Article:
Robles wears out Rox in batter’s box, basepaths 

April 24th, 2019

DENVER -- The third inning of Tuesday’s 6-3 Nationals victory over the Rockies at Coors Field was the inning.

Washington’s former No. 1 prospect, according to MLB Pipeline, lined a go-ahead, bases-clearing double to left-center field off Rockies starter Jeff Hoffman. He proceeded to steal third base and score the Nationals’ fourth run on Howie Kendrick’s sacrifice fly.

That was all Patrick Corbin and Washington’s bullpen would need on this atypical night in one of the most hitter-friendly ballparks in baseball.

Robles added a single and another stolen base to finish 2-for-5 with three RBIs on the evening, turning in just his second multi-hit performance over the last 11 games. Up to that point, Robles had been red-hot, slashing .308/.386/.692 with three homers through the first 11 games of the season.

The performance Tuesday night, particularly in the third inning, was vintage Robles -- well, as vintage as anything can be for a 21-year-old rookie. It demonstrated just the kind of dynamic, five-tool player the Nationals envisioned watching for years to come when they signed him out of the Dominican Republic as a 16-year-old in 2013.

“That’s my game,” Robles said through an interpreter. “It’s a matter of trying to find a way to get on base any way I can so I can score, or if there’s a runner on, try to find a way to get him in. Play the small ball.”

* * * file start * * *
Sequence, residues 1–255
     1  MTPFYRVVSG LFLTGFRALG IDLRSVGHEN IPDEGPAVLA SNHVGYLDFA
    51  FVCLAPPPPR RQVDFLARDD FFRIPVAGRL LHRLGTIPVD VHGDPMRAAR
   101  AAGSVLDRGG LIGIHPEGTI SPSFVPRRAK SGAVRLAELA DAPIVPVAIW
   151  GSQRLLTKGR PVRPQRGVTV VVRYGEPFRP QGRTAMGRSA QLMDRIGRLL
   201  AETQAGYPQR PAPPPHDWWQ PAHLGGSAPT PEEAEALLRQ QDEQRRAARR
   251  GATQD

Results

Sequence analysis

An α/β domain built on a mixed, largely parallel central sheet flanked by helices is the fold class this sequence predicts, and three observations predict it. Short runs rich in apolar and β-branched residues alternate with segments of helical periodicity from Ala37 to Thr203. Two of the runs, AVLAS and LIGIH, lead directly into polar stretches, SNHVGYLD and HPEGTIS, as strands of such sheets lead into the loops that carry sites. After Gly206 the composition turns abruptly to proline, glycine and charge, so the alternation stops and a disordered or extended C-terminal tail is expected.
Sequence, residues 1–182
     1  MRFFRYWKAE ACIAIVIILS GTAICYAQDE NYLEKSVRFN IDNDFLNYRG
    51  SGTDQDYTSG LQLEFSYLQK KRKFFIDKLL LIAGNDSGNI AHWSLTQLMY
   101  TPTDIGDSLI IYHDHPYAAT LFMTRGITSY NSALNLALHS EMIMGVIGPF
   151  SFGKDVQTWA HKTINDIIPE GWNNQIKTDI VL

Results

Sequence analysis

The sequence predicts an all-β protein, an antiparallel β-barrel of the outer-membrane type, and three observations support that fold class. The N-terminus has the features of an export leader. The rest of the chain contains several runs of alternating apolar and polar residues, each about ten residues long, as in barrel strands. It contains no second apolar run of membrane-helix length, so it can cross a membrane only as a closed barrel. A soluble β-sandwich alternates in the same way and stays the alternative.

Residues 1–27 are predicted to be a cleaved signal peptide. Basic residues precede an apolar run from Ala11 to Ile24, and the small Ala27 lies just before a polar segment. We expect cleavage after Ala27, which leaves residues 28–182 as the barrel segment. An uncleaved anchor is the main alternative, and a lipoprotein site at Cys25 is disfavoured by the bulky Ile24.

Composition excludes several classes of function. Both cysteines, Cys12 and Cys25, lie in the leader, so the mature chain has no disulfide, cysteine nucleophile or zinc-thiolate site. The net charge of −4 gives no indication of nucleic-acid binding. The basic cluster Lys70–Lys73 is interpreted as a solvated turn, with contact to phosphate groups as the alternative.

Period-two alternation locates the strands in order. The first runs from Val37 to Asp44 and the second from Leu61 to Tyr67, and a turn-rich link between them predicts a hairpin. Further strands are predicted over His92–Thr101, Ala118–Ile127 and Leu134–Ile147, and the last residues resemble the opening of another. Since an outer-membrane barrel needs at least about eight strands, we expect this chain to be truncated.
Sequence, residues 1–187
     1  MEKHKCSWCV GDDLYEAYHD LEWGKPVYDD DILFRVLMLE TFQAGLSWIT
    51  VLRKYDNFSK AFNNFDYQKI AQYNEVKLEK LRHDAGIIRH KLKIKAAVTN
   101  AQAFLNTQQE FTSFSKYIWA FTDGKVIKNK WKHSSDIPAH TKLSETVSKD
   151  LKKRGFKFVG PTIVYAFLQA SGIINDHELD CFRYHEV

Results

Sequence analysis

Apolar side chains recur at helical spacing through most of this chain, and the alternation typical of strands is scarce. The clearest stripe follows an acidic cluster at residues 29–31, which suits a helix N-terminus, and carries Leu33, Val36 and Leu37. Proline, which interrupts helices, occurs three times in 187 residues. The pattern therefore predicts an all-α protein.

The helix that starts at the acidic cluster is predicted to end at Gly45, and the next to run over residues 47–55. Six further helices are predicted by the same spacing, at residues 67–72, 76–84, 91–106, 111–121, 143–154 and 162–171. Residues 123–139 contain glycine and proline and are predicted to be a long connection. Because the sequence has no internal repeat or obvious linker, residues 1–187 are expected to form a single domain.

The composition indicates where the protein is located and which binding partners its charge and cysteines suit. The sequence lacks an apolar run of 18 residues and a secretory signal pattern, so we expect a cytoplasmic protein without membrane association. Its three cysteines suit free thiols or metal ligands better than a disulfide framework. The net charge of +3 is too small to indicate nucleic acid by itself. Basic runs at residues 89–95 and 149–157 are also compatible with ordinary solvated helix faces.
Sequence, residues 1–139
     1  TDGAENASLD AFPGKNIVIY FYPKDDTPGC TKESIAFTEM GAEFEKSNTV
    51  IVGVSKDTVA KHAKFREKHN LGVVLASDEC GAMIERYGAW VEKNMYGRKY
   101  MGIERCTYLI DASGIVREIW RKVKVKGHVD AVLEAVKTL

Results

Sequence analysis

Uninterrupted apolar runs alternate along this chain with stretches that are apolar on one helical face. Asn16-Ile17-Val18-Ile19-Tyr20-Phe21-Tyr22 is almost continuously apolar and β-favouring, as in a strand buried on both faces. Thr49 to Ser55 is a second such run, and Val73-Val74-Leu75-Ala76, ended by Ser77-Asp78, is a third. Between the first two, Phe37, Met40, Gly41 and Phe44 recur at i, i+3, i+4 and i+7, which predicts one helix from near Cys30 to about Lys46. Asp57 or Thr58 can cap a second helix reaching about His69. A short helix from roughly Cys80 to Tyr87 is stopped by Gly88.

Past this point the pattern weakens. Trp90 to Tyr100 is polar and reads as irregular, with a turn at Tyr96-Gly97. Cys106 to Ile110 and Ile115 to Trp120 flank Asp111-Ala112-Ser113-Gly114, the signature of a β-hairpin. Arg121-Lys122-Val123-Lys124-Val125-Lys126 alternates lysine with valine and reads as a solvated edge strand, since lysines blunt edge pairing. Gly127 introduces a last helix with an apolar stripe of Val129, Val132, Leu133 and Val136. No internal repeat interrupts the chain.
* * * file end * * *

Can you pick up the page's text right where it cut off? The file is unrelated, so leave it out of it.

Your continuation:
That small ball was on display with Robles’ steal of third, in which he decoded catcher Drew Butera’s pitch-calling signals, and by the end of which he had hit the bag hard with his right foot and flipped into foul territory before getting back safely.

“I read that it was going to be a breaking ball,” Robles said. “So I decided to go, got a good jump, and on the slide I just slid a little late.”

Robles’ awakening at the plate couldn’t have come at a better time for the Nationals, who are down two of their best hitters, Trea Turner (broken right index finger) and Anthony Rendon (left elbow contusion).

Turner was hitting .357 (5-for-14) with a double, two homers and four steals before going on the injured list. Rendon was enjoying a prodigious start to his season as well, slashing .371/.451/.771 with 10 doubles and six homers before being hit by a Jose Urena fastball in Miami last Saturday.

Prior to Rendon’s injury, manager Dave Martinez had Robles hitting in the ninth position in the batting order (with the pitcher batting eighth) in 17 of the 19 games Robles had played in. He said he liked -- and still likes -- Robles as a “second leadoff man” ahead of Adam Eaton in the lineup, but injuries necessitated a move.

Martinez also liked where Robles’ third-inning double landed.

“He’s really good when he stays in the middle of the field,” Martinez said. “Left-center is the key for him. When he starts hitting the ball to left-center field, he moves the ball all over the ballpark.”

Another key?

“I want him to just go out there and have fun,” Martinez said. “And do the little things.”

Little things like picking up Butera’s signs in the third inning and taking third base in a key moment.

Corbin certainly appreciated Robles’ contributions Tuesday after surrendering a two-run homer to Raimel Tapia in the second inning. Moments later, he watched Robles give him the lead, and after the game, he put into a nutshell what Robles means to this Nationals team.

“He does everything,” Corbin said. “Defensively, out there in center, he can go get the ball. And at the plate, he’s just dangerous. He’s really fast, he can do it all. … He’s an exciting player.”